Friday, July 22, 2016

Earle C. Clements Innovation in Education Award Presentation will be August 9

Please save the date for the 2nd annual Earle C. Clements Innovation in Education Award presentation on Aug. 9, 4 p.m., Special Collections Research Center Great Hall, Margaret I. King Library. The award recognizing innovative teaching of Kentucky high school history or civics will be presented to Margaret Lynn Brewer, Scott County High School.

David S. Ferriero, the 10th Archivist of the United States, will present the prestigious award to Brewer, who has been teaching for the past 16 years and is currently working on her doctorate in curriculum and instruction at UK.

UK President Eli Capilouto and Provost Tim Tracy will also participate in the award presentation, as well as Bess Clements Abell, Earle Clements' daughter and a member of the UK Libraries National Advisory Board. Bess and her husband, Tyler, made a gift to the National Archives to support the award.

The National Archives and the UK Libraries Wendell H. Ford Public Policy Research Center sponsor the award to honor the life and career of Earle Clements and his lifelong commitment to education and public service.

Clements’ long political career began in local service as a county sheriff, clerk and judge. He served in the Kentucky Senate and as governor of Kentucky (1947–1950); and he represented Kentucky in the U.S. House of Representatives and U.S. Senate, where he became a close colleague to then Senate Majority Leader Lyndon Baines Johnson.  

UK Libraries Exhibit explores 'Courtly Pastimes'

UK Libraries will present an exhibition of archival materials related to “Courtly Pastimes” in honor of the 15th International Courtly Literature Society Congress, being held on the UK campus July 24-29. The free public exhibition opens Monday, July 25, and runs through Friday, August 5, in the Great Hall, located on the second floor of the Margaret I. King Library Building at the Special Collections Research Center (SCRC).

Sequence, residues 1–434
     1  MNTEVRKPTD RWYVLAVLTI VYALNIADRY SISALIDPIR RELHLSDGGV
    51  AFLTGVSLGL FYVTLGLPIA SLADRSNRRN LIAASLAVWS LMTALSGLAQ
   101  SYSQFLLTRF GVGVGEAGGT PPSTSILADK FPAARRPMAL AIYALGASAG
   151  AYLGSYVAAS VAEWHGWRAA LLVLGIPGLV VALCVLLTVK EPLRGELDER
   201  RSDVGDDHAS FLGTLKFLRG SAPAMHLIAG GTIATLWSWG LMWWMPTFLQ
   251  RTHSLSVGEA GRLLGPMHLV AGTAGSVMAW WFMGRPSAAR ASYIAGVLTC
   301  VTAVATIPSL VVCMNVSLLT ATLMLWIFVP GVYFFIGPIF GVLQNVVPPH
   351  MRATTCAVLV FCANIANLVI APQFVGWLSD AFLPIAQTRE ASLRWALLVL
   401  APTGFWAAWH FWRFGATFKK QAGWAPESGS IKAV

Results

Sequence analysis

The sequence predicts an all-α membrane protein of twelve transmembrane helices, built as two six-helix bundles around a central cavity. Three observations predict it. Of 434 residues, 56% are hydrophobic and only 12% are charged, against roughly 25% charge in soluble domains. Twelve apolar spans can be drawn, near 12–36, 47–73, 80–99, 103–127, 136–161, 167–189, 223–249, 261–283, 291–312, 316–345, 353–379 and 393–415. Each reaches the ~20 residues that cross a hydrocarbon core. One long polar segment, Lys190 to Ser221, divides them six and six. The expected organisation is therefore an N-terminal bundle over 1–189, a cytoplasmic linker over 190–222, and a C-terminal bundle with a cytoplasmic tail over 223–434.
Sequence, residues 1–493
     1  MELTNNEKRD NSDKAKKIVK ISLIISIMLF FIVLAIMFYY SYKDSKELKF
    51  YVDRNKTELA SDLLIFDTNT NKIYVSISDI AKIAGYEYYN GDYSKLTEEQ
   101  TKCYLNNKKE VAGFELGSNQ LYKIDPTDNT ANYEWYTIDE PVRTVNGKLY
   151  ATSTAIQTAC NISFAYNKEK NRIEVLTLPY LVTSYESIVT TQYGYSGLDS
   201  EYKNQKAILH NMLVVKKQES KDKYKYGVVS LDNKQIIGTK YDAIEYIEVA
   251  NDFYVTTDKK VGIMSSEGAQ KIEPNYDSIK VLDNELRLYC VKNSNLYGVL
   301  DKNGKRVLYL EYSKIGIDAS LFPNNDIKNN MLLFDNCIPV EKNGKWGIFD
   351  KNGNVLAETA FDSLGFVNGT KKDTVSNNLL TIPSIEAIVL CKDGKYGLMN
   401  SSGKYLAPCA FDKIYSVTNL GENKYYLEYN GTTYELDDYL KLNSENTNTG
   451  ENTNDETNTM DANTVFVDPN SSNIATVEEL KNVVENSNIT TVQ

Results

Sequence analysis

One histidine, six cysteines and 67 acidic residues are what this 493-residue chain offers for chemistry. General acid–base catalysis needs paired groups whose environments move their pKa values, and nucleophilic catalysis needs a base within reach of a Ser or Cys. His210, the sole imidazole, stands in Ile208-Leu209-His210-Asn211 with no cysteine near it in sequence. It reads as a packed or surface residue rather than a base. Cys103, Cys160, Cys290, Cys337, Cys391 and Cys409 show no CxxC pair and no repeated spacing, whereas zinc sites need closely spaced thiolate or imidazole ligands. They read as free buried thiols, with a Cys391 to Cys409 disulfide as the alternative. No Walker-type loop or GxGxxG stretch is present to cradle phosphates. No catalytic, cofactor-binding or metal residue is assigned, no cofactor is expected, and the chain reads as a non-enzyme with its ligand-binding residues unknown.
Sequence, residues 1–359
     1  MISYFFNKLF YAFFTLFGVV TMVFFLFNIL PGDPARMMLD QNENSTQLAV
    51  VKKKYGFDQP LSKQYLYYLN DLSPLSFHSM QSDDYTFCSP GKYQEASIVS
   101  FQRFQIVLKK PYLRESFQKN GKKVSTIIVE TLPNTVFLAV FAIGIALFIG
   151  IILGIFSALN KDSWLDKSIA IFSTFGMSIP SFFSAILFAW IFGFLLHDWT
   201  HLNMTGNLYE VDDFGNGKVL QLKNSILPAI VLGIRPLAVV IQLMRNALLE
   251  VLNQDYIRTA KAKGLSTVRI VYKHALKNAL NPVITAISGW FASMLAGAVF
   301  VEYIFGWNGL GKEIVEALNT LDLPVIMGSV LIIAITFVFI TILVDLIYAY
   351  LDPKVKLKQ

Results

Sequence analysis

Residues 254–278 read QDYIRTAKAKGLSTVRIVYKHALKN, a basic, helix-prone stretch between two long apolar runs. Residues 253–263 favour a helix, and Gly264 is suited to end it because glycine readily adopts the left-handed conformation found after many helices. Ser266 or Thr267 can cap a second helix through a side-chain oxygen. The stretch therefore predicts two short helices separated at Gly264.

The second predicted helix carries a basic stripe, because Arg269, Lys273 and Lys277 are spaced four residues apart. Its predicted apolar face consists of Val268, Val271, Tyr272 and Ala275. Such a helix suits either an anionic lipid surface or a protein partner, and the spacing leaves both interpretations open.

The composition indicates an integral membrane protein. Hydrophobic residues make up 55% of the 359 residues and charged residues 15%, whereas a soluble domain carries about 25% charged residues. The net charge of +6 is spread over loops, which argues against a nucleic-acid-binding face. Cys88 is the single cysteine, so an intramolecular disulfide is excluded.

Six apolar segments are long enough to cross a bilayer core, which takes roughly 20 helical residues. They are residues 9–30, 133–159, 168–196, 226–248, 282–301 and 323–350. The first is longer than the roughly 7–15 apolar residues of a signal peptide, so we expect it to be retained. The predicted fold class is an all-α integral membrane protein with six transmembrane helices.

First proposed in 1973, the International Courtly Literature Society (ICLS) promotes the study of courts and court-related cultures. Areas of study include medieval vernacular genres (lay, romance, lyric poetry, drama, etc.), medieval Latin literature, the historical background to court life, and medieval art, architecture and music. The society currently has branches in North America, the United Kingdom, France, Germany, Belgium, Italy, the Netherlands, Switzerland, Tunisia and the Iberian Peninsula. In addition, bibliographical correspondents represent Denmark, Norway, Japan, New Zealand and Australia.

A triennial event, the ICLS Congress only meets in North America every six years. As part of the 2016 congress, presented by the UK College of Arts and Sciences, more than 90 scholars from around the world, including UK, will come together in Lexington. The sessions are made possible with support from the UK Office of the Vice President for Research.

The corresponding exhibition presented in UK’s Great Hall will feature a collection of illuminated manuscripts, print books and codex facsimiles related to the conference theme “Courtly Pastimes” during the medieval period and early Renaissance from the holdings of UK's SCRC and Lucille C. Little Fine Arts Library Learning Center. It will include a copy of Leonardo Bruni’s “Historie Fiorentine” owned by Giulio Romano, a facsimile of “Il codice Squarcialupi,” an illuminated book of hours purportedly owned by Filippo-Maria de Visconti, and distinctive French and Spanish documents of the era, with imagery and textual references to courtly activities.

The exhibition will be on display from 9 a.m. to 5 p.m. Monday through Friday.

For more information on the UK exhibition of “Courtly Pastimes,” contact Jaime Marie Burton, the director of Research Services and Education for the SCRC, at


Library Instruction and Information Literacy featured at Kentucky Library Association’s Annual Round Table

Beth Fuchs
More than 50 librarians from Kentucky and surrounding states attended the Kentucky Library Association’s Library Instruction Round Table (KLA LIRT) Retreat on July 15. KLA LIRT Chair Beth Fuchs, UK’s undergraduate learning librarian, and two other officers, organized the retreat, which showcased innovative approaches to library instruction and information literacy, and included presentations on assessment, active learning and other topics.